There may be easier ways to transfer files, but I am either unfamiliar with them or don't have full confidence in them. The following is how I've been doing it since the 1990s. To be as safe as possible you should keep your old hard drive in the external enclosure for several months without erasing it or deleting anything on it. That way, if you inadvertently leave any files or system preferences behind, you can always go back and retrieve them.

    1.) Put any and all files located on your present desktop into a single folder called "Temp Desktop Transfer" (or whatever name you desire). This will help you to feel confident that you haven't missed anything (no "clutter" equals less confusion and doubt). Then drag that single folder to the SSD's (El Capitan's) desktop. Back on the old drive again, turn that "Transfer" folder Red to indicate that you are done with it (or add the word "DONE" to the title).

    2.) Open every remaining folder in your Home folder (Documents, Movies, Music, etc.), one at a time, do a "select all" and transfer the files to the corresponding folders on the new drive. Turn each folder (Documents folder, etc.) red on the old drive when you are done with it. Save the Library folder in the Home folder for last.

    3.) The Library folder in the Home folder is more time consuming. You will just have to use your intuition / common sense on what to transfer right away and what leave behind for a while or forever. Open the old and new Library folders side by side to make comparisons of the files in each folder. The most crucial items (for me) are in the Application Support, Fonts, Mail, Mail Downloads, Preferences and Safari folders. Of those folders, only the two Mail folders should be transferred in their entirety (meaning drag the folders themselves to the same location on the new drive). HOWEVER!!! If your email account is IMAP instead of POP, you don't need to transfer those folders. But, if you have a combination of POP and IMAP accounts, then you need to transfer them. The rest of the folders you will need to open and pick and choose the desired files. In the Safari folder, you should transfer ONLY the "bookmarks.plist" file and the "history.plist" file. Don't transfer anything else, including the Safari extensions files. Reinstall the extensions the proper way. Ignore the Caches and Keychains folders. Transferring the "login.keychain" file can cause very annoying problems. I may be wrong, but you will just have to reenter your passwords one by one, as you need them.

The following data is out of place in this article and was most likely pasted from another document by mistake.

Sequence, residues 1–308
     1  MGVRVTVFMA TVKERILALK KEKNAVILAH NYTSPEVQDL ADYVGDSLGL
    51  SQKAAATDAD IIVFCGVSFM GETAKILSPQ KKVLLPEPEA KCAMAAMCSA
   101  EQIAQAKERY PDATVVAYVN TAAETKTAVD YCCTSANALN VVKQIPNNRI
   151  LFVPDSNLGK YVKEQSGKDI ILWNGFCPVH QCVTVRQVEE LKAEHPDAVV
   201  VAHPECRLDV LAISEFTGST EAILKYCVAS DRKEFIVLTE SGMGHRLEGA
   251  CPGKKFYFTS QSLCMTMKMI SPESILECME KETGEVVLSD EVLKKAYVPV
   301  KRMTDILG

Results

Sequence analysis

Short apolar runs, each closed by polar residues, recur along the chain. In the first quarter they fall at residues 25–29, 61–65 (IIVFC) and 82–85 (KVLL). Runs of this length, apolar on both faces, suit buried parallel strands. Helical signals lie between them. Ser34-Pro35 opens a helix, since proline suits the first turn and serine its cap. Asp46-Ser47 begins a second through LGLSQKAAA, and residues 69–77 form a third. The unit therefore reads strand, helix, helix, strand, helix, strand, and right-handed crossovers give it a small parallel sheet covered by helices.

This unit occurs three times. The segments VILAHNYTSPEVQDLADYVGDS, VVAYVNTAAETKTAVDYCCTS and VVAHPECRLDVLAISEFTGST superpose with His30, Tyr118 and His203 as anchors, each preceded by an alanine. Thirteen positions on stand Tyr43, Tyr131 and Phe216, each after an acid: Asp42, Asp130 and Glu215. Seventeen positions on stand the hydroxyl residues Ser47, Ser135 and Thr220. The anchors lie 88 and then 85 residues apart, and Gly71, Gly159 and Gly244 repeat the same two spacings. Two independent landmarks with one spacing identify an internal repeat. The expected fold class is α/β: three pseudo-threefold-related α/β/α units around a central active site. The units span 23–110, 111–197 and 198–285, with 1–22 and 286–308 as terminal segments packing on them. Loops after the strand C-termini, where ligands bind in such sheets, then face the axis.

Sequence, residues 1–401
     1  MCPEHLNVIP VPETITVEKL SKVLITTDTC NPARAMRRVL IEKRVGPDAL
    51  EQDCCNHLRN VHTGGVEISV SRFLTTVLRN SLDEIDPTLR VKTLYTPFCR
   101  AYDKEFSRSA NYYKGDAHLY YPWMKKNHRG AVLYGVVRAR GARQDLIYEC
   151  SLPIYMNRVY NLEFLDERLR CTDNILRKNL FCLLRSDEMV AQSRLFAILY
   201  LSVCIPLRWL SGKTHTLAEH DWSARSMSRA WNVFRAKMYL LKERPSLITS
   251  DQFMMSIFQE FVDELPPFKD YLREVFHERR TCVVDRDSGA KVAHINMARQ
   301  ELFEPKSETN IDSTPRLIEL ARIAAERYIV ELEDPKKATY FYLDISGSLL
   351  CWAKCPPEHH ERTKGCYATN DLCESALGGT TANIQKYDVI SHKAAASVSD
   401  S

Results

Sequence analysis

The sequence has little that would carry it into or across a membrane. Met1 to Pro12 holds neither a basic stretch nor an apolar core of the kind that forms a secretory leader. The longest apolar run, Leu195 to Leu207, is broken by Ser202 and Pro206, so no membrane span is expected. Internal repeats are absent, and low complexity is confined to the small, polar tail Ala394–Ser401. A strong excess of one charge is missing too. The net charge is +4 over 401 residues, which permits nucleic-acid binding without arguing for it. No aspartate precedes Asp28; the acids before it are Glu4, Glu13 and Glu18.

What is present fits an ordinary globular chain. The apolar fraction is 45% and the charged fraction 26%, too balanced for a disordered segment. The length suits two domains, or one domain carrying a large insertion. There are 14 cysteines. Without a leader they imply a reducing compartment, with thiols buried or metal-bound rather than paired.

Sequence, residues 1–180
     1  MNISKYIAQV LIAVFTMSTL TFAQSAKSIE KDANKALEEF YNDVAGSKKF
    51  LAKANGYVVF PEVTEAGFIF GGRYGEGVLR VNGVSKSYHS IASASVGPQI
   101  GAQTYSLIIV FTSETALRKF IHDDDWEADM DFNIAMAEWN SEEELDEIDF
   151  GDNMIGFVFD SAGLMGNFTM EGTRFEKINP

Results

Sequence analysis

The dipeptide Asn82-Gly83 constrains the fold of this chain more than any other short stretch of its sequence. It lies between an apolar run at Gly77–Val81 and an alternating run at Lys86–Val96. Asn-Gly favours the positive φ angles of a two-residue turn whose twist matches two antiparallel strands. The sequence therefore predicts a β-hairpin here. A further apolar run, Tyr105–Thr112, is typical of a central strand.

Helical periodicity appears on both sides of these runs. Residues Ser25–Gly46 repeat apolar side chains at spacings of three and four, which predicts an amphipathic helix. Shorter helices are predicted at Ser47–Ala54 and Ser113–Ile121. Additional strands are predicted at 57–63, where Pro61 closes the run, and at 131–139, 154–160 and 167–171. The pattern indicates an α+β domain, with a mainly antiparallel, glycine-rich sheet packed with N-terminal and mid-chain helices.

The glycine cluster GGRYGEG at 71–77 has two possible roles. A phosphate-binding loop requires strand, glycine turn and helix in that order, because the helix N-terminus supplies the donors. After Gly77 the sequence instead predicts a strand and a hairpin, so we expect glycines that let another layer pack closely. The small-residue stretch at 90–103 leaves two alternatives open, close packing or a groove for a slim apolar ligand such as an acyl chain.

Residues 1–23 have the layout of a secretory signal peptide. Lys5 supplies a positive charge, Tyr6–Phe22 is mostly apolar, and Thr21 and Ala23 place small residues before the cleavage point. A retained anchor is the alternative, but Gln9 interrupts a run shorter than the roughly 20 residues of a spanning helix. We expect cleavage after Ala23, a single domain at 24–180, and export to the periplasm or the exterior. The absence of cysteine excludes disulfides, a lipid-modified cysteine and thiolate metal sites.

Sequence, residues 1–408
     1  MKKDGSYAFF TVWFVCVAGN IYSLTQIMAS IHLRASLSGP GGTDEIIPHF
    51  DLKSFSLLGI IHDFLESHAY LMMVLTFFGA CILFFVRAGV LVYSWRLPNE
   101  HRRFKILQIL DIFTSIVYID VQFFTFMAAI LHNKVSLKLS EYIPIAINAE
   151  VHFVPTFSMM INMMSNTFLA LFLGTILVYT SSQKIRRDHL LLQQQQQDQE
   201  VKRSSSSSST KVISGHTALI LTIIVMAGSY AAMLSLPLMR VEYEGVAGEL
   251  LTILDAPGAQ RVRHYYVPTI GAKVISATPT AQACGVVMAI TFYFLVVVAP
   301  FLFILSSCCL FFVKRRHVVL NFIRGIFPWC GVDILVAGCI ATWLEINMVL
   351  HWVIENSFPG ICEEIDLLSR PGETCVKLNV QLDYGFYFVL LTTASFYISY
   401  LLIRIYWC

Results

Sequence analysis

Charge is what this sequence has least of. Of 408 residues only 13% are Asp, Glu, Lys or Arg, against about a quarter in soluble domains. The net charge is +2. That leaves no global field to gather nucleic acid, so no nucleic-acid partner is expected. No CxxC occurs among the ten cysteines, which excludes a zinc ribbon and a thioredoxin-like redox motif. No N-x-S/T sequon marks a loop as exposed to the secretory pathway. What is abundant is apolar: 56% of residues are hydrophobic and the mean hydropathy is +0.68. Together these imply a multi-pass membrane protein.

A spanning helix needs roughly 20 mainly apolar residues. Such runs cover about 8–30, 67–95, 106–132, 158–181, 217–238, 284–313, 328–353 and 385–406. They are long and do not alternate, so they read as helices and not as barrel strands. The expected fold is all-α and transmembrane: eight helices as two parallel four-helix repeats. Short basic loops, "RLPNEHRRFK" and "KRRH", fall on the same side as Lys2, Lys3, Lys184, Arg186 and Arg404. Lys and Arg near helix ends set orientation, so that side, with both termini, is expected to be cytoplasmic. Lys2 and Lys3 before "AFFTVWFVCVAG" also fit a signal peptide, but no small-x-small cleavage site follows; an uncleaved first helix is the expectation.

4.) In the Preferences folder, you may ignore many of the files that begin with "com.apple," but you should definitely transfer all "com.apple" files that are associated with iTunes, iPhoto, Mail, Messages, Facetime(?), Safari and any other Apple apps that you use, not counting Preview or TextEdit or any Finder or other system preference files. Turn each preference file red on the old drive as soon as you have transferred it, so you don't forget what's done and what isn't.